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User Info: Steiner

Steiner
1 month ago#11
tag
Born to bear and bring to all the details of our ending
To write it down for all the world to see

User Info: SeabassDebeste

SeabassDebeste
1 month ago#12
Movie 29. Misery (1990)

I think a lot of people might like this more than I did, but this just made me deeply uncomfortable. I didn't even know it was based off a Stephen King novel until afterward, but I could kind of tell - the protagonist (and older James Caan) is a writer confined to bed by rabid fangirl Annie, played by Kathy Bates.

It's possible that these psychological thrillers are just not really my thing. It's kind of obvious that the protagonist can't escape until the end. I enjoy a bit of predictability, but it's no fun for me to watch the only likable character - the sheriff - get killed in frustrating fashion, or to watch the protagonist fail to escape repeatedly, or to watch the torture porn as Annie breaks Caan's legs.

I will say that the movie was extremely tense, so there's that.
yet all azuarc of all sorts are more or less capricious and unreliable - they live in the varying outer weather, and they inhale its fickleness

User Info: Pokalicious

Pokalicious
1 month ago#13
Bumpo
ph33r teh masta~!
Currently playing - Pokemon GO

User Info: SeabassDebeste

SeabassDebeste
1 month ago#14
thanks poka

Series 36. She-Ra and the Princesses of Power (Season 1, 2018, 13 episodes)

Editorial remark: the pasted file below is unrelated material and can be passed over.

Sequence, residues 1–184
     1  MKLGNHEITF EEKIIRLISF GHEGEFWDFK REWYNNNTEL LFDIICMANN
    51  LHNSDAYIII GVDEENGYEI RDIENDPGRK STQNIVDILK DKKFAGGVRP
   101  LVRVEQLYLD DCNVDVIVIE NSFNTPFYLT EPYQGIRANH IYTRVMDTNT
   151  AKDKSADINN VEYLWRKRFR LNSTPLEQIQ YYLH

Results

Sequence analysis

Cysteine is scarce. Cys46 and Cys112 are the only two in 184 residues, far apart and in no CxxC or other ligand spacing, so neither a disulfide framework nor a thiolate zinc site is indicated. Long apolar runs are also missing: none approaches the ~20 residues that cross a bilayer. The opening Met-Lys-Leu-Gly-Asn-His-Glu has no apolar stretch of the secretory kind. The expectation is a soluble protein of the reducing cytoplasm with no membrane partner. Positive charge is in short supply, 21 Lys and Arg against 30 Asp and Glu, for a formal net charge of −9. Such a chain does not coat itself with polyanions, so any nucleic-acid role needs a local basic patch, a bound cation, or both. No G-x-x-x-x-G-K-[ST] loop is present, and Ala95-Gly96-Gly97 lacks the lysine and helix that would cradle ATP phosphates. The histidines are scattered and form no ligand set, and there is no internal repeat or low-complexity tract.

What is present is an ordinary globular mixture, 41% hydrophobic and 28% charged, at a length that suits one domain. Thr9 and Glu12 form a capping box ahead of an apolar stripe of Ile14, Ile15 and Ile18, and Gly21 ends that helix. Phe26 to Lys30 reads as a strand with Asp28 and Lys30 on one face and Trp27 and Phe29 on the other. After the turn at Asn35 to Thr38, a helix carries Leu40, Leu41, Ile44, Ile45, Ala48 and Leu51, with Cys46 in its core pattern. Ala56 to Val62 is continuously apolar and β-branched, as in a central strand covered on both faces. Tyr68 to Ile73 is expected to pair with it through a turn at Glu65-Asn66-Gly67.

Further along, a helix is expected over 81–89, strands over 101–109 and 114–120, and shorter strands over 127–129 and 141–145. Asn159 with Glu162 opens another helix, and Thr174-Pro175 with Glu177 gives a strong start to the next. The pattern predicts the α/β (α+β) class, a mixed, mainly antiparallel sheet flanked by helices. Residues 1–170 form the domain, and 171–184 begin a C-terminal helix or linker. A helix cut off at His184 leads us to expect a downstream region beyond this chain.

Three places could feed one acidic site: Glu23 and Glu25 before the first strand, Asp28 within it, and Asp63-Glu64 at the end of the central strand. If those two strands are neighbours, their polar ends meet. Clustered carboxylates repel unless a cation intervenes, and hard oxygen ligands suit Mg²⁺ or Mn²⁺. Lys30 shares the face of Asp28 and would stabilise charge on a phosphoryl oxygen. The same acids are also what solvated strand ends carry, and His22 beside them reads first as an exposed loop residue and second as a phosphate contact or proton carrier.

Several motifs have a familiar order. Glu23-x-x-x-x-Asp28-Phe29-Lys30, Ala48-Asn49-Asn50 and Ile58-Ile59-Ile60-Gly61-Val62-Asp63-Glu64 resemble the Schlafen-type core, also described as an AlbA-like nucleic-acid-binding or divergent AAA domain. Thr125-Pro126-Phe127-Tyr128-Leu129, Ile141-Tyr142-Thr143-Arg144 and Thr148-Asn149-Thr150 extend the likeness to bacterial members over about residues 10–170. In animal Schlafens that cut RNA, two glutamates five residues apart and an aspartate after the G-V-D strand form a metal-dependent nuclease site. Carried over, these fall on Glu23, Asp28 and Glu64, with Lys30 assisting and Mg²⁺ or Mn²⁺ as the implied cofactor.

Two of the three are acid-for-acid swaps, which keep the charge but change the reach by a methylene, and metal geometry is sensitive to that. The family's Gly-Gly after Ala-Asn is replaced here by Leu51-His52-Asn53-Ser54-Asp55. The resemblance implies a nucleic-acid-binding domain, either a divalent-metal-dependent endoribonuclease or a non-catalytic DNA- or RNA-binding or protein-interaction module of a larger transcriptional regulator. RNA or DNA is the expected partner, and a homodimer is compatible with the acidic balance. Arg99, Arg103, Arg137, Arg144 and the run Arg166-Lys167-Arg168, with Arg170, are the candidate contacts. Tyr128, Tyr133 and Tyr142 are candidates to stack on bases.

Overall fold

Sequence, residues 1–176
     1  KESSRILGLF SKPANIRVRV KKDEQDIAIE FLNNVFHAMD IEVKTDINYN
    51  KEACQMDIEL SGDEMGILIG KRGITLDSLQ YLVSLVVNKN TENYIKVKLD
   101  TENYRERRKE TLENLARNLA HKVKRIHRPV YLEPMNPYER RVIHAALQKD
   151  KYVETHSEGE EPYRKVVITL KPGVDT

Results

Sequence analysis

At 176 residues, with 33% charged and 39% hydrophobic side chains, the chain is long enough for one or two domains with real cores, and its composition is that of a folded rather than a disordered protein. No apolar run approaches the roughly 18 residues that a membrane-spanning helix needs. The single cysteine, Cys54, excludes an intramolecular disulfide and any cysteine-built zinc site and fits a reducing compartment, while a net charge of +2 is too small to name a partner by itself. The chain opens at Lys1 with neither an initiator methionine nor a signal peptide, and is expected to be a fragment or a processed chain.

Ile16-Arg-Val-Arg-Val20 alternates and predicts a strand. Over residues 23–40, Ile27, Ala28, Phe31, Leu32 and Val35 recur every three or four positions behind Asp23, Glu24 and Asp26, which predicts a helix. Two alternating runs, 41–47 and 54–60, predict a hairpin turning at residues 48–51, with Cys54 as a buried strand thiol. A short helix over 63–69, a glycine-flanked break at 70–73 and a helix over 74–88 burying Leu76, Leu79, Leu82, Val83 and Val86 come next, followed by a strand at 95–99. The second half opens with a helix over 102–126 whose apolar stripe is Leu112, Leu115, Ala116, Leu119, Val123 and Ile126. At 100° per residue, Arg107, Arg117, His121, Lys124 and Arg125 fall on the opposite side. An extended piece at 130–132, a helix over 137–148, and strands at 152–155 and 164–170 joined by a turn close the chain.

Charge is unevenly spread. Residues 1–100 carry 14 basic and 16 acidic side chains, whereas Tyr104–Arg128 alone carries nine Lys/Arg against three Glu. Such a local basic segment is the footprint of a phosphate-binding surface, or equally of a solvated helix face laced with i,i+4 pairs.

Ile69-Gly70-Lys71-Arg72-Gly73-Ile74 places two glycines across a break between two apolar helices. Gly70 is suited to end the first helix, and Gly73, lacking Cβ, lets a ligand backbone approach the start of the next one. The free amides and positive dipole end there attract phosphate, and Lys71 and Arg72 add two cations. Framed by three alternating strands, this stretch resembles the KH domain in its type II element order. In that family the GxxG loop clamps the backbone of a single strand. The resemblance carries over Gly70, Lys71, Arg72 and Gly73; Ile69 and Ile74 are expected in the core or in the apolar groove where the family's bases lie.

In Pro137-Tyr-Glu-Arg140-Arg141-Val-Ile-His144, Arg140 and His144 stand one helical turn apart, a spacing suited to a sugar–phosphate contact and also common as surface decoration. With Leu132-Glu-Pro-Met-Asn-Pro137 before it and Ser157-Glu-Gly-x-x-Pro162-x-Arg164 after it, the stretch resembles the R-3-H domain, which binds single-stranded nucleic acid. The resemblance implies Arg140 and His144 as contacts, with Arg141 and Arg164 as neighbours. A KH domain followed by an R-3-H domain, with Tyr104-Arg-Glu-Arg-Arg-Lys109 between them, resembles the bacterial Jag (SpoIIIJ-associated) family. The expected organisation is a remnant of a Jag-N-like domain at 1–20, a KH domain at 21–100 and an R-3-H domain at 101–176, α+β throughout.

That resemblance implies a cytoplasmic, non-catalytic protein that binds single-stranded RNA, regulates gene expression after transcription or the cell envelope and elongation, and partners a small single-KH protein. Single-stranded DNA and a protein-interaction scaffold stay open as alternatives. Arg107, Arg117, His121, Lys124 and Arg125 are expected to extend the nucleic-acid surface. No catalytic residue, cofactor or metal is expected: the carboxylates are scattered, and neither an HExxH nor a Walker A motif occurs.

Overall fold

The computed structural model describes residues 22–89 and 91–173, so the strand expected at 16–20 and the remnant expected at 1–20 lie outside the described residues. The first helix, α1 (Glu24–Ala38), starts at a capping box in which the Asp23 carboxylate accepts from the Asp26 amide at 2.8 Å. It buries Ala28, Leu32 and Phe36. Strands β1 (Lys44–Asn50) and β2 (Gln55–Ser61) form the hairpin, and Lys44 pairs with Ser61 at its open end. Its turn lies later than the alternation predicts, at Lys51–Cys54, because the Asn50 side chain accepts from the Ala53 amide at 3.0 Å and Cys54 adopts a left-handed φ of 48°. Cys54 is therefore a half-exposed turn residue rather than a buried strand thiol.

She-Ra is one of those shows we picked up and watched fairly quickly but never got sucked into. It's an animated fantasy/sci-fi show that blends some classic fantasy magic powers and somewhat futuristic weaponry. The protagonist, a teenage girl in a military academy, winds up inheriting the power of She-Ra, a dormant warrior demigod, and realizes that perhaps the nation that keeps trying to colonize the people of the forest is bad.

I think the principles of She-Ra are pretty great. There's flame-forged friendship, battle, superpowers, betrayals, anti-war sentiment, and politicking. The technologies that they use are pretty creative - one of the Princesses of Power designs new ones all the time and winds up becoming the driving force of the bad guys' armies. But it is also kind of clearly a show made for seven-year-old girls, and practically everything about the execution is off-putting or overly simplified for my taste.

For example - and I suppose this qualifies as a spoiler, though the plot is so barebones I'm not sure it'll matter too much - there's a very cool, near-climactic sequence where Adora and the rest of the Princesses all storm the military fortress. They wind up abandoning Entrapta there as they flee. This winds up with Entrapta flipping over to the bad guys. This has all the makings of a cool character arc as you consider sacrifices, the costs of war, the feelings of betrayal. But it's all executed in a painfully simplistic manner, and one that doesn't even make a lot of sense. (It's been a while, but it seems like the princess gang thinks Entrapta is dead - but she's insanely competent up til this point, so it's a bizarre assumption.)